This course has been my first encounter with Program Evaluation, so everything is still very new to me. The concept of story telling reminds me of the development of a Program Theory in Evaluation. You mention that in order for proper evaluation to take place, a story must be told and known. This reminds me of the theory of action and change , as well as the logic model. These models suggest that in order to
    understand how a program is going to achieve desired outcomes, it is essential to learn about the individuals which it is going to affect. Likewise with story telling, one can learn about the values that a program needs be rooted in, in order for it to be effective and meaningful to the community it is directed at.

    This also reminds me of the BetterEvaluation Rainbow Framework. This framework has seven essential steps to evaluation: Manage, Define, Frame, describe, understand causes, synthesize, report and support use. Storytelling seems to me as similar to managing and defining and evaluation, because it entails learning the background information required to proceed.

    On the AINHEC website which you have provided, one of the resources that stood out the most to me was the pdf on, “Cultural Considerations for Gathering Information”. Since evaluation is a complex process, I was wondering how information may be gathered to complete the evaluation. I see from this link that there are many methods including questionnaires, interns, focus groups, tests and observations. In your community, which procedures are the most common? Also, who designs these protocols? For example, who conducts the interviews or designs the questions in the surveys? I am interested to learn more about how the remainder of the process is designed and who is involved.

    After doing a little bit more research, I found this website: https://www.acf.hhs.gov/sites/default/files/cb/tribal_roadmap.pdf

    This website goes through the evaluation of a child welfare program situated in Alaska, and I found a unique figure on page 1 which highlights a framework for evaluation called a Strategic Roadmap. It is interesting because it incorporates historical contexts with the ‘new narrative that is to be established’ while also focussing on relationships and skill building. Are there any similarities and differences to the evaluation framework that you are most familiar with in your community?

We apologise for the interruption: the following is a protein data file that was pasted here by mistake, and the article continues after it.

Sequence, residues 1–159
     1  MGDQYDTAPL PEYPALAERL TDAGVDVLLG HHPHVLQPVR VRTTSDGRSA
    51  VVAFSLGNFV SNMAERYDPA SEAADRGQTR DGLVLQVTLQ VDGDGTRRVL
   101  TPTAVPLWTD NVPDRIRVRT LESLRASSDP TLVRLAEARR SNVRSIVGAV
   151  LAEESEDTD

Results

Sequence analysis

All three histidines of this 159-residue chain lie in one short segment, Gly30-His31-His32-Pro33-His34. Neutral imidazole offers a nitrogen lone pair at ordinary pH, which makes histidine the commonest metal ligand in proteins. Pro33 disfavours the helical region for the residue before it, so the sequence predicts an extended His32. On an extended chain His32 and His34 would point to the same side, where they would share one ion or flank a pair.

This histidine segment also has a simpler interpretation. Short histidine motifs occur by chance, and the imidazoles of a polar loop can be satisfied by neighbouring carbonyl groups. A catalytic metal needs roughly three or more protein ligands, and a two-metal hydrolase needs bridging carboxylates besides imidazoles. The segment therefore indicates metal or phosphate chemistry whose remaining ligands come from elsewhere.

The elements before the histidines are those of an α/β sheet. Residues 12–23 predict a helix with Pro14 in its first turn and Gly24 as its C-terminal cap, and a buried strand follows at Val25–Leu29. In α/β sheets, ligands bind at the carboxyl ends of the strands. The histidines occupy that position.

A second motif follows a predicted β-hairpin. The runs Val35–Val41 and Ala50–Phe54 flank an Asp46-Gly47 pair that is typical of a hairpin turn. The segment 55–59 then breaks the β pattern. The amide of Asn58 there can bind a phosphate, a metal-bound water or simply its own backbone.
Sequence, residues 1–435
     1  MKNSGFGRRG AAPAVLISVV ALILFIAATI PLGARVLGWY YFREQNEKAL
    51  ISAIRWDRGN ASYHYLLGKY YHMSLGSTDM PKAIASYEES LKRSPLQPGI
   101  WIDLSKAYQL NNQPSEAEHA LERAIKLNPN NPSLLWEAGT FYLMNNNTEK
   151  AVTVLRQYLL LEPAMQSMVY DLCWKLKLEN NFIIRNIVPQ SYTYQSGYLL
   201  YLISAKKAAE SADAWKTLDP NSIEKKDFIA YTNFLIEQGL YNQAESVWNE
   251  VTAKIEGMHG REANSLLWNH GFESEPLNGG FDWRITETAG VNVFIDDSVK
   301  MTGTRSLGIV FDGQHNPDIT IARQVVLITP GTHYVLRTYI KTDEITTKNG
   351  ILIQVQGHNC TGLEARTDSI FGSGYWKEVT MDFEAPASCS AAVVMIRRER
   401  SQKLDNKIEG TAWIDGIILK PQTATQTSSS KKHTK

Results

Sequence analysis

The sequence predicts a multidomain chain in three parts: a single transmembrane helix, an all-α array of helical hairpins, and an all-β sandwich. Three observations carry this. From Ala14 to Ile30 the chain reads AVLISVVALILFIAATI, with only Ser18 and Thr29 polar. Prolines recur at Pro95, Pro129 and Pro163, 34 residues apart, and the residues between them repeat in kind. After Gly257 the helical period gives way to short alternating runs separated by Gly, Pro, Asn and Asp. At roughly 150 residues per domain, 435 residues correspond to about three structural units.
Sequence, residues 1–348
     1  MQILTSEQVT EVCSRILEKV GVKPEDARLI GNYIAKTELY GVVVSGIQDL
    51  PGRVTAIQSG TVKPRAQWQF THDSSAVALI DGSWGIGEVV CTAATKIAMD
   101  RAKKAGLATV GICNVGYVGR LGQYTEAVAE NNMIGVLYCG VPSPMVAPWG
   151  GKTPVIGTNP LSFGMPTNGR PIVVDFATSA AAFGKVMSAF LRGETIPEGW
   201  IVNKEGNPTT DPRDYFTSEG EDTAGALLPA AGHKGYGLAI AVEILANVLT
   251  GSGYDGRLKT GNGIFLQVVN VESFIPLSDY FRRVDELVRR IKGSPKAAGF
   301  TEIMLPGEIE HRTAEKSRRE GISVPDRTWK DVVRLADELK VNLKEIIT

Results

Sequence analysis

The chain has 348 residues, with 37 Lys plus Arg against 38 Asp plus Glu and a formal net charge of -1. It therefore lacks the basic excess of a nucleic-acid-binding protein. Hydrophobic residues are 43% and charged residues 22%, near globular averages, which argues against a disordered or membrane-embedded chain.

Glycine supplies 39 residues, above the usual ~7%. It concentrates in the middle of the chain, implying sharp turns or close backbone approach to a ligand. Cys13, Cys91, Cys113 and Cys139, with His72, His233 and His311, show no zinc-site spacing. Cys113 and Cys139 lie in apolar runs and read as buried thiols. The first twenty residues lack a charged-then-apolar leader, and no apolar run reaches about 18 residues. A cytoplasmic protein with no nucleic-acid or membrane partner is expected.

After reflecting on this, some questions which I have are:

    – How do Indigenous Australian and Indigenous North American evaluation
    approaches differ How are they similar?
    – In your community, how common is story telling ? Do youth participate in story
    telling? Are youth engaged in story telling?
    – How do you establish when, where, how and to whom (and by whom) stories are
    – After story telling takes place, how do you go about evaluating different programs
    within your community? Is storytelling a continuous element in your approach?
    – How do you go about deciding what changes need to be made if your program is
    not resulting in desired outcomes.
    – Is story telling also used to finalize an evaluation?
    – How do you go about educating about the value of evaluation in your community?
    – What has been your most challenging experience with Indigenous Evaluation? –
    – What is the most challenging aspect of conducting evaluations in Indigenous
    – How do you go about re-engaging youth or elders that are not willing to participate
    in program evaluation.

    I hope this comment find you well! I look forward to hearing about any insights you may have, and how your journey in program evaluation has progressed over the past three years. I am very interested in this concept, and therefore have lots of questions to ask. Because I do not currently work with Aborignial people, I always look forward to learning from the experiences of the people who do!


    Monika Kapica

  4. Susan G. Price

    The information given is very thought provoking. From living in an Alaskan village, I completely accept and agree with her experience and research. I look forward to learning more about and seeing the results of, this system of approach!